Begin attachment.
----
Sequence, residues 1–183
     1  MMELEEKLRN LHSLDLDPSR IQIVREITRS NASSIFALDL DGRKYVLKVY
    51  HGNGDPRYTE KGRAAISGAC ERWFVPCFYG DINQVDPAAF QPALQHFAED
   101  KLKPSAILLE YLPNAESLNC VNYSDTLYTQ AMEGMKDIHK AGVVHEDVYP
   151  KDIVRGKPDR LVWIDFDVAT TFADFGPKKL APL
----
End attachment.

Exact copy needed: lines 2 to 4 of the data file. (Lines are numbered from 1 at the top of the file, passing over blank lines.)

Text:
     1  MMELEEKLRN LHSLDLDPSR IQIVREITRS NASSIFALDL DGRKYVLKVY
    51  HGNGDPRYTE KGRAAISGAC ERWFVPCFYG DINQVDPAAF QPALQHFAED
   101  KLKPSAILLE YLPNAESLNC VNYSDTLYTQ AMEGMKDIHK AGVVHEDVYP